Source of hire—its arguably the most important recruiting metric, yet often the least understood. In fact, 96% of recruiters say source of hire is an important metric, but 60% of them rated the metric as less than 90% accurate (source).
So that begs the question, why is source of hire so important– and why do so many recruiters get it wrong? And, how can we improve the accuracy of our source of hire data?
Keep reading! Today’s blog post answers your most pressing questions about source of hire and explains how you can use the metric to drastically improve your candidate sourcing strategy.
What is source of hire?
According to one definition, source of hire is a metric that shows what percentage of your overall hires entered your pipeline from each recruiting channel or source (e.g. job boards, referrals, direct sourcing) (source). In other words, it answers the question, ‘Where do my hires come from?’.
Source of hire is often split into two categories:
Internal source of hire: This term refers to any candidate hired from within an organization. Examples include promotion, transfer, and referrals.
External source of hire: This term refers to any candidate sought and hired from outside an organization. Examples include job boards, social media platforms, or thirty-party recruiting agencies.
Why is source of hire so important?
On the surface, source of hire tells you where your new hires come from. That information is useful, not only to understand the journey of past hires but also to inform your future recruiting strategy. Analyzing your source of hire statistics will help you accomplish the following goals:
Measure the effectiveness of your recruiting efforts:
When you advertise for a job across a dozen platforms, they won’t all yield the same results. Much like marketers track the results of each campaign, recruiters can use source of hire to discover which platforms they’re using properly and which ones require a different strategy.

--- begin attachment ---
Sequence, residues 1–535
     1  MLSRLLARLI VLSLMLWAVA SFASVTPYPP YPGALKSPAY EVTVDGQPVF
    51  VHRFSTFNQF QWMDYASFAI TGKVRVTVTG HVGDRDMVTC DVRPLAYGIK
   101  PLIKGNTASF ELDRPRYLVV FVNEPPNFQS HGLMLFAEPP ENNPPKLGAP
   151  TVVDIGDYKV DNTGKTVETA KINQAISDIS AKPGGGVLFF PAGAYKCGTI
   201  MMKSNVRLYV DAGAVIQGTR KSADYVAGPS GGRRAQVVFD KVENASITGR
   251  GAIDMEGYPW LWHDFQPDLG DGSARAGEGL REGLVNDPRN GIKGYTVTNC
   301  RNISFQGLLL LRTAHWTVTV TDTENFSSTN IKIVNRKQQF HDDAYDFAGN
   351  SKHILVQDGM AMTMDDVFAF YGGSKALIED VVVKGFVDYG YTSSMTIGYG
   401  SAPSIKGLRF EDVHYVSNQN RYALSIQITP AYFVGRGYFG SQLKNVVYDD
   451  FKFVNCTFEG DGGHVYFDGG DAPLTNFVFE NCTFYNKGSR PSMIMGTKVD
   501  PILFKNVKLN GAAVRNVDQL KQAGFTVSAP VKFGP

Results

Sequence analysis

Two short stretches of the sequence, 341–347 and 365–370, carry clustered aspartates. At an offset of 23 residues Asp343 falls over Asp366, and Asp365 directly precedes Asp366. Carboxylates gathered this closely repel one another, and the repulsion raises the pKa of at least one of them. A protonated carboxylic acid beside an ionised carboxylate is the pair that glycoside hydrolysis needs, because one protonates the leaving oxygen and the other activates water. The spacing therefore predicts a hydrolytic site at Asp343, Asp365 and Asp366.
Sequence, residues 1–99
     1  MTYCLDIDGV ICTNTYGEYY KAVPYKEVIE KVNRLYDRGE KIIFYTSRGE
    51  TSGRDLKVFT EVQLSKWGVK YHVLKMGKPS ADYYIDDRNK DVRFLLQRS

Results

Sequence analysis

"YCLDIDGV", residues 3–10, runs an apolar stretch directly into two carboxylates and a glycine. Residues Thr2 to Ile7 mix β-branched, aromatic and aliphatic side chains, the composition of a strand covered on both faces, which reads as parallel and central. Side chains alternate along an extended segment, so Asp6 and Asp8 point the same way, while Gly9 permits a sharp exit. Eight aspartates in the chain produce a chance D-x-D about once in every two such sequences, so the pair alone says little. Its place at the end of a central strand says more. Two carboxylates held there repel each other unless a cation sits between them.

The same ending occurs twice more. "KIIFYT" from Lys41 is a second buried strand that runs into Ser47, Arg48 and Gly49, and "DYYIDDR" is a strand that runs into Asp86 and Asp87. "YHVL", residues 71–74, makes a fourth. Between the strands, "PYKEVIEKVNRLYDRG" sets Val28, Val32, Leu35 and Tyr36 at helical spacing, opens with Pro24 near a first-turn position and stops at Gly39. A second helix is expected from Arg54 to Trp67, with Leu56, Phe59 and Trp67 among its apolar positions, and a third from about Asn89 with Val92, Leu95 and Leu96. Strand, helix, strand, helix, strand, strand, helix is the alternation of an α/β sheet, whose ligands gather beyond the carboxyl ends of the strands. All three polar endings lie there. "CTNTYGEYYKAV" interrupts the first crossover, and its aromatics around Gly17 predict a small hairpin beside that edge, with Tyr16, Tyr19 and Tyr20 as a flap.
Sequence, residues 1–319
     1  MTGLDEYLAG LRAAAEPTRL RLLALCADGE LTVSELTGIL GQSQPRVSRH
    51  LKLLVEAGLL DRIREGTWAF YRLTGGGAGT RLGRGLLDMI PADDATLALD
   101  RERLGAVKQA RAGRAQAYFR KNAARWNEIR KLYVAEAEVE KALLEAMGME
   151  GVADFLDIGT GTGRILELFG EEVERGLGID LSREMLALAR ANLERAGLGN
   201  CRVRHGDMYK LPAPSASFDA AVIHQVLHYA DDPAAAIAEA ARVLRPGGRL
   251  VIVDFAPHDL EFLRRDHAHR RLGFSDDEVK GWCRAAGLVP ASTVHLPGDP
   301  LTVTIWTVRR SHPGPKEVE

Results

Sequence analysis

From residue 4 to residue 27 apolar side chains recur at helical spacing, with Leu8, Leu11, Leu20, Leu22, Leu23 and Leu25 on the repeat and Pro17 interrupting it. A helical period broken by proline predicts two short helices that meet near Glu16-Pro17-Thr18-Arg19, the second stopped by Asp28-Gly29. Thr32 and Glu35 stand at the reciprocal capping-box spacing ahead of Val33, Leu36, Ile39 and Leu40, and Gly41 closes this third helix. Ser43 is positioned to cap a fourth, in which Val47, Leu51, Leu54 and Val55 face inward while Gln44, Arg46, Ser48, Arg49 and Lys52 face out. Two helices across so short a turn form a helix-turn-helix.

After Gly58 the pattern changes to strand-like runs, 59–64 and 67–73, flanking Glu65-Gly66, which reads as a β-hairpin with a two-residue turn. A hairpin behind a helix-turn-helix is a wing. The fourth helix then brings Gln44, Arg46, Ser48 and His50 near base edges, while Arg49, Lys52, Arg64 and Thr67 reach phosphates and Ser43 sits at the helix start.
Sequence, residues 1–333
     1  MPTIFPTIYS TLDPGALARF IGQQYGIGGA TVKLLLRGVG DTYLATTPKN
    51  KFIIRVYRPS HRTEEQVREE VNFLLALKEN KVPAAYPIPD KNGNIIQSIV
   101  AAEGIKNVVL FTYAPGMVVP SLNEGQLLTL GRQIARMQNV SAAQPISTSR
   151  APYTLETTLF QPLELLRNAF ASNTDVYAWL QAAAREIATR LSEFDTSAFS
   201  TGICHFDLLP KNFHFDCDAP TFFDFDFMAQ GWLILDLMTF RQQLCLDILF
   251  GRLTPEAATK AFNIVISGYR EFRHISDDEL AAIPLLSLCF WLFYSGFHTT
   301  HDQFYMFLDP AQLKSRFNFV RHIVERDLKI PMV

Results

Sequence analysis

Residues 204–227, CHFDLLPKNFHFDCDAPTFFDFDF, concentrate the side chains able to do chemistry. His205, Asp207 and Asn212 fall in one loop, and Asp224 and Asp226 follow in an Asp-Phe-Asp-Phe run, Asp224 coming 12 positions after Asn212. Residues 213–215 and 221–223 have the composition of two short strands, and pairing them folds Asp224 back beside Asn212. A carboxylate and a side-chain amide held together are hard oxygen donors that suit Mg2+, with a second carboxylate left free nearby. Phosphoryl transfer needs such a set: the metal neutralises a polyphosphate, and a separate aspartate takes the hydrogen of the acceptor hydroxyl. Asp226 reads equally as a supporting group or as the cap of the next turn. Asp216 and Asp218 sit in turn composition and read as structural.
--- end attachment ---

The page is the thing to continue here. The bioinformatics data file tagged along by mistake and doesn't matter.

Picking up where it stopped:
Allocate resources to the appropriate channels:
Given the wide variety of channels and tactics available to recruiters, it’s difficult to determine when and where to spend the most money. Source of hire data allows you to spend smarter.
Improve the quality of future candidates:
The channels that deliver the most candidates don’t always deliver the highest quality candidates. Source of hire data doesn’t just tell you where you find the most hires, but also where you find your best hires.
Why is source of hire data often inaccurate?
As we touched upon earlier, source of hire data is rarely accurate. Here are a few reasons why:
1. It’s not an organization’s priority.
If a company doesn’t stress the importance of source of hire, recruiters, particularly lower level recruiters, have no reason to seek out or record accurate data. In other instances, seasoned recruiters swear by certain sources and don’t see the point in exploring other options. Other recruiters may feel threatened. Think about it: With automated recruiting software and job boards, they feel replaceable and, as a result, misreport source of hire.
No matter the reason, if an organization doesn’t make an overt effort to prioritize source of hire, the metric will remain inaccurate.
2. There isn’t a set system.
While many organizations recognize the importance of source of hire, very few have a set process to collect and record the metric. It’s often left up to candidates and recruiters to interpret for themselves. This leads to inconsistencies, misunderstandings, and blank spaces on applications.
3. Lack of segmentation.
Consider this scenario—you hire a new employee and ask them for source of hire. Later, you take a look at their form and it says, ‘job board’. Well, which one? Did you find them on a job board and reach out? Or did they see your listing and apply? Even if you had those answers, there are more ambiguities to sort out—like, will they become a valued employee? Will they be fired in a week? Will they quit in a few months?
As you can see, open-ended questions lead to open-ended answers. Without specific data, you have very little to work with.